ALLISON DEFENSE HISTORY
Allison Transmission is proud of its long heritage in support of the military. That legacy began with James Allison manufacturing aircraft engines in the early days of our company and continues today with our transmission products for military wheeled and tracked vehicles.
1917 – 1946; MILITARY AIRCRAFT
Allison Transmission’s military history dates back to 1917 when Jim Allison directed his Indianapolis Speedway Team Company to commit all resources to the U.S. war effort. Production work began on equipment and parts for the Liberty aircraft engines, including engineering upgrades and inspection equipment. The Liberty work helped sustain the company in the early years and would continue into the late 1920s.
As the role of aircraft in the military evolved, Allison continued its support of the military with the design of the V1710 engine starting in 1929. The 12-cylinder, liquid-cooled aircraft engine was produced from 1934 to 1949 and was used in many aircraft, including the North American P-51 Mustang, the Lockheed P-38 Lightning, the Curtis P-40 Warhawk and the Bell P-39 Airacobra.
1949 – CURRENT; TRACKED MILITARY VEHICLES
During World War II, Allison applied its engineering knowledge and technology to ground transportation with the development of automatic cross drive transmissions. Production of the company’s first generation military tank cross drive, the CD 850, began in 1949 and continued for 38 years. The CD 850 powered the M47, M48 and M60 tanks for the U.S. Army and many Allied nations, and is still in use around the world.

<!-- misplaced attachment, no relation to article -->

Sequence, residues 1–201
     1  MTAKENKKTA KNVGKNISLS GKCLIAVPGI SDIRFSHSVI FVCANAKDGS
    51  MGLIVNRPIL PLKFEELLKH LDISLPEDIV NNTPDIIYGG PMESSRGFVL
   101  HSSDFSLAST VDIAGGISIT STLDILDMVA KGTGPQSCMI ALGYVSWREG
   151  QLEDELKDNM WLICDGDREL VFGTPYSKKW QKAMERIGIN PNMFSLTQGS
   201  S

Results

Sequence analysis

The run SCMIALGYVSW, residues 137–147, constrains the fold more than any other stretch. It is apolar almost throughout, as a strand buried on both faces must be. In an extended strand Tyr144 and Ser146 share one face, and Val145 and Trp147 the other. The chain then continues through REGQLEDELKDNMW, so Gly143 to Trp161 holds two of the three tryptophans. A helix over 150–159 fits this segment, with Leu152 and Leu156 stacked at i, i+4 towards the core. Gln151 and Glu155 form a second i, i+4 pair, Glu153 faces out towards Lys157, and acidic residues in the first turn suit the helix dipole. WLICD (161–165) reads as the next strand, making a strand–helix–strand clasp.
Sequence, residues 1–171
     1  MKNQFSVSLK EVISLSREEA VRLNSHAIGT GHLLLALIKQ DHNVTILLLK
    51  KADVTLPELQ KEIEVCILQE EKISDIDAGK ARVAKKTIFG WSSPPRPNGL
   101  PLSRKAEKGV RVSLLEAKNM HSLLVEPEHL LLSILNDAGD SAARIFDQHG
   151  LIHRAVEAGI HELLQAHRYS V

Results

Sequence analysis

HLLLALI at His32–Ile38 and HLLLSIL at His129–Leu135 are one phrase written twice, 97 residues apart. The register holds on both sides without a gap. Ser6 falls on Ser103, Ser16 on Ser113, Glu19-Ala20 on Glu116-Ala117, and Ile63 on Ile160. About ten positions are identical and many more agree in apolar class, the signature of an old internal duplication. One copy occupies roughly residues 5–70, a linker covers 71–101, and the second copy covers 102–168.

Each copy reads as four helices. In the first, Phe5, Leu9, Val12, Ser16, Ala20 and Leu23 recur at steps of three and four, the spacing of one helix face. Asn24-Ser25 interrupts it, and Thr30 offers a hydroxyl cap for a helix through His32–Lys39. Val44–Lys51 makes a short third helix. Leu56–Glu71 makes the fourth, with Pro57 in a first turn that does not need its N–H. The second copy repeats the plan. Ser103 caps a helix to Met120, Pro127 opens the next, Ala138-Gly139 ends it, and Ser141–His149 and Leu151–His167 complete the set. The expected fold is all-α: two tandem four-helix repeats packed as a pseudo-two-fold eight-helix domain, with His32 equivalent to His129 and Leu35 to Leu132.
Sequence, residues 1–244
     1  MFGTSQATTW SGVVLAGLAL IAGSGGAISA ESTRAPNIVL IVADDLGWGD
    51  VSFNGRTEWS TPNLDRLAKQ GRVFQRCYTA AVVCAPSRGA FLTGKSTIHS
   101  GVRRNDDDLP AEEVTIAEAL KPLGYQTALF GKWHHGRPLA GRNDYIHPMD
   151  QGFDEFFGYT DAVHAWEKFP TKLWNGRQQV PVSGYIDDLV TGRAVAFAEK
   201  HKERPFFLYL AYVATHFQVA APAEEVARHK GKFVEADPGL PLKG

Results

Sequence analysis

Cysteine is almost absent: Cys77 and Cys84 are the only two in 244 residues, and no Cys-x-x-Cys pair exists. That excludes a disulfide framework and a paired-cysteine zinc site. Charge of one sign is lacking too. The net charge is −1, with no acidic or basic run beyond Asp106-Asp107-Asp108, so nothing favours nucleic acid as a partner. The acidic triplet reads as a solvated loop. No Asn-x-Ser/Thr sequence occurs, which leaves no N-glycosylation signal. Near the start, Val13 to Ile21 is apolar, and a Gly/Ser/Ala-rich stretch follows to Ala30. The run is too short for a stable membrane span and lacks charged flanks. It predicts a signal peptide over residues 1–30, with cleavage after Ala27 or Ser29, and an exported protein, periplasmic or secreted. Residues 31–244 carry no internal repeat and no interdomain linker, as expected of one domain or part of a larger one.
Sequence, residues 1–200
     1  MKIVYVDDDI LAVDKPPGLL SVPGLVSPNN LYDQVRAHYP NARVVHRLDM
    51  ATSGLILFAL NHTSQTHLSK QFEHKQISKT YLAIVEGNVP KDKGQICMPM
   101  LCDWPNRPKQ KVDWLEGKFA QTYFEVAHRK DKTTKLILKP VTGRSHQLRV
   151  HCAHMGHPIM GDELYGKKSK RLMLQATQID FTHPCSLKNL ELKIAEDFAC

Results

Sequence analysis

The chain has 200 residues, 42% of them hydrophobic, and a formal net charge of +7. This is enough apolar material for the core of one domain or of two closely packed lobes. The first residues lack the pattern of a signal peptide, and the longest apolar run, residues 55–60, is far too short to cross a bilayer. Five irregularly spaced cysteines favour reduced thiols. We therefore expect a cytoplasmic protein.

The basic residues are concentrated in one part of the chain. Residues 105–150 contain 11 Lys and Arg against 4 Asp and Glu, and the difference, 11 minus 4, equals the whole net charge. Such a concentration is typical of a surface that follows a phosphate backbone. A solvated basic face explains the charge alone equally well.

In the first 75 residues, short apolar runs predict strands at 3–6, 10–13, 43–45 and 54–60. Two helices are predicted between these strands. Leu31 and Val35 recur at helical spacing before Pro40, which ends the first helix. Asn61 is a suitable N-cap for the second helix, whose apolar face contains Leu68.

The CD 850 was followed by the XT1400/1410 cross drives for the M51 tank and M88 recovery vehicles; and the XTG 411 cross drive for the M109 and M110 howitzers and related vehicles. Production of the XT1400/1410 began in 1954 and continued for 34 years. Production of the XT411 began in 1962 and continued for 39 years.
The venerable tracked M113 family of Armored Personnel Carriers has always been Allison equipped. The original version utilized the TX100 transmission while later versions used the X200 cross drive. The TX100 was produced for 33 years from 1964 through 1997; the X200 started production in 1986 and is still in production today, more than 27 years later.
Allison started production of the X1100 cross drive in 1979 for use in the U.S. Army’s M1 main battle tank. After more than 34 years, production of the X1100 continues today.
In 1981, as the popularity of the Allison military cross drives grew, Allison expanded its business with licensed global production programs. As a result, Allison military cross drives can be found in tracked vehicles produced in Allied nations around the world.
1978 – CURRENT; MILITARY WHEELED VEHICLES
The U.S. Army monitored the growing popularity of automatic transmissions and conducted testing in several military truck applications. In 1973, the Army held a comparison test of military trucks equipped with several types and brands of transmissions. The fuel economy and reliability advantages of the Allison Automatic were so convincing, the Army made the automatic transmission the standard for military trucks, as it had been for military tracked vehicles since 1948.
In 1978, as a direct result of that decision, Allison began delivering automatic transmissions from our commercial product line to OEMs for use in military wheeled vehicles. Since that time, nearly all medium- and heavy-tactical, combat and combat-support wheeled trucks for the U.S. military have been equipped with an Allison Automatic. Around the world, usage of automatic transmissions in military wheeled vehicles continues to grow with Allison products in numerous military wheeled vehicles of Allied nations.